J.B. Spins

Jazz, film, and improvised culture.

Tuesday, September 27, 2011

NYFF ’11: A Separation

As a well educated, comparatively liberal Iranian woman, Simin wants to live abroad, not so much for herself, but for her daughter Termeh. Unfortunately, her travel visa will soon expire and her husband Nader refuses to leave. It causes what westerners would call irreconcilable differences for the couple. It also sets in motion a tragic chain of events that will jeopardize their way of life in Asghar Farhadi’s Golden Bear winning A Separation (trailer here), which screens during the 49th New York Film Festival.

Nader is not exactly a fundamentalist either, but he is stubborn. He also must care for his Alzheimer’s stricken father, though Simin considers this a questionable excuse. Since divorce is not an easy no-fault proposition in Iran, she moves back in with her parents as their case drags on. Requiring help with his father, Nader hires Razieh as an in-house aide. She is poor, uneducated, extremely religious, and married to the abusive Houjat.

She only accepts the position in place of Houjat when the deadbeat is thrown in jail for his debts. Yet, as soon as she appears to settle into the routine of the household, a moment of chaos turns their world upside down. Suddenly, Nader is on trial for causing the death of Razieh’s unborn child while the thuggish Houjat harasses his family.

Granted, A Separation’s portrayal of Iranian jurisprudence does not inspire a lot of confidence, but it is almost the least of Nader’s problems. Instead, he becomes his worst enemy, responding to Razieh and Houjat in the worst possible way at every juncture. Yet explaining his decisions to his acutely sensitive daughter is often his greatest challenge.

Much like Farhadi’s Tribeca award winning About Elly, Separation vividly depicts how one tragic mistake compounds over and over again. It is an intense film, almost to the brink of exhaustion. Like many of the persecuted Jafar Panahi’s films, it shines on searing spotlight on the divisions of Iranian society, largely cleaving along professional and secular-as-they-dare versus poor and fundamentalist lines. Ostensibly, Nader and Simin should have the upper hand, but this is Iran.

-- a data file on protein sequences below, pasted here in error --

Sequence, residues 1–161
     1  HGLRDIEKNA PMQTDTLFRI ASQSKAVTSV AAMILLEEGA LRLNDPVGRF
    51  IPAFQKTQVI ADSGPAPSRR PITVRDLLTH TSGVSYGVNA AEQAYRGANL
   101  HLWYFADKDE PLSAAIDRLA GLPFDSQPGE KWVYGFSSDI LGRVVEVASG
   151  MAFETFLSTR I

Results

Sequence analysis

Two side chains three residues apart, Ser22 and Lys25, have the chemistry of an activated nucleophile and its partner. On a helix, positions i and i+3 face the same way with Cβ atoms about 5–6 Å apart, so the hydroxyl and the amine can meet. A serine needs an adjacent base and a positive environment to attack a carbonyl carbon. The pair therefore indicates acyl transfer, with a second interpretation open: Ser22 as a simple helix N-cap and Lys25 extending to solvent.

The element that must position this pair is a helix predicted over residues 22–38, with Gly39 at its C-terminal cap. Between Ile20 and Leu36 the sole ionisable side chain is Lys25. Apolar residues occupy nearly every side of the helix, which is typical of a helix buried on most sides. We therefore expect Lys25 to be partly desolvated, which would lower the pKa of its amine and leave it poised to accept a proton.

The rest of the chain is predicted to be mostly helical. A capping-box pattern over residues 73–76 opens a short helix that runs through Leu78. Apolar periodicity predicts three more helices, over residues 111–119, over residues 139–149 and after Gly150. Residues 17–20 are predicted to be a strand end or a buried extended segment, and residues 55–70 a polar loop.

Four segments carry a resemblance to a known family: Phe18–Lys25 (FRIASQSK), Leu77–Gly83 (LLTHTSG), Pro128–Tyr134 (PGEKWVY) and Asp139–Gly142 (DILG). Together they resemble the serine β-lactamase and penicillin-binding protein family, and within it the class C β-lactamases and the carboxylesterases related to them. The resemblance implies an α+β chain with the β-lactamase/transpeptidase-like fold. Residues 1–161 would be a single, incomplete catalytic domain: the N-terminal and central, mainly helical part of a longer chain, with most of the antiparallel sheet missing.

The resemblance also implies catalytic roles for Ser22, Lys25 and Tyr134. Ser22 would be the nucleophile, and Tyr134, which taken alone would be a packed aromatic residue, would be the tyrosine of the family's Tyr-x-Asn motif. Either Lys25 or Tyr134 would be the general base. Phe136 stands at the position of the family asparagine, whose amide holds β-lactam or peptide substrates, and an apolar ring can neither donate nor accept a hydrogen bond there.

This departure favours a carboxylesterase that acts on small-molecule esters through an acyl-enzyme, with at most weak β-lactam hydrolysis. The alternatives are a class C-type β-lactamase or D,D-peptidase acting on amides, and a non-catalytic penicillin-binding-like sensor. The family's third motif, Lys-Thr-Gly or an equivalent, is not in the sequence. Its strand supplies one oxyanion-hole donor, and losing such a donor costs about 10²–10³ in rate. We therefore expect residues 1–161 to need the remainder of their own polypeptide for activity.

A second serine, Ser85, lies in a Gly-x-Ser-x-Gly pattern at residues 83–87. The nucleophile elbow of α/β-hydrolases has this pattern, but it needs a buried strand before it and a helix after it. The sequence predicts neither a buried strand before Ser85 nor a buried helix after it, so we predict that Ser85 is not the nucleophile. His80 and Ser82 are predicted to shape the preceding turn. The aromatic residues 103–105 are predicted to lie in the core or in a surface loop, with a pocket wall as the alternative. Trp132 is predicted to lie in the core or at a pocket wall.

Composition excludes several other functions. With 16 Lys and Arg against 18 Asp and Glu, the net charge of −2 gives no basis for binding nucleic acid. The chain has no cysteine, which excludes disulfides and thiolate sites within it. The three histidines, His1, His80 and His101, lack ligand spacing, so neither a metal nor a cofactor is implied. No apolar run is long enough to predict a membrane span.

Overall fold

Separation is also smart and scrupulously realistic on the micro level as well. The relationship dynamic between Simin and Nader is particularly insightful, rendered with great sensitivity by leads Leila Hatami and Peyman Moaadi. We clearly understand this is a couple with a lot of history together who do not hate each other. They are unable to make it work, but they cannot stop trying. Likewise, teenaged Sarina Farhadi (the director’s daughter) gives remarkably finely-calibrated performance as the insecure Termeh.

Separation and Elly before it are like Iranian Cassavetes films, uncomfortably intimate and direct, but undeniably visceral in their impact. Their place within the contemporary Iranian cinema establishment is a little trickier to pin down. Separation had to be produced outside the official film system without government support after Farhadi cautiously spoke out on behalf of the imprisoned Panahi and Mohsen Makhmalbaf. Reportedly though, he has since walked back those comments and Separation was subsequently chosen as Iran’s official submission for best foreign language Academy Award consideration. It is hard to judge an Iranian artist for whatever survival strategies they might employ. Regardless, Separation is an unusually powerful film. Highly recommended, it is easily one of the best of the festival. It screens this Saturday and Sunday (10/1 and 10/2) at Alice Tully Hall as a Main Slate selection of the 2011 New York Film Festival.

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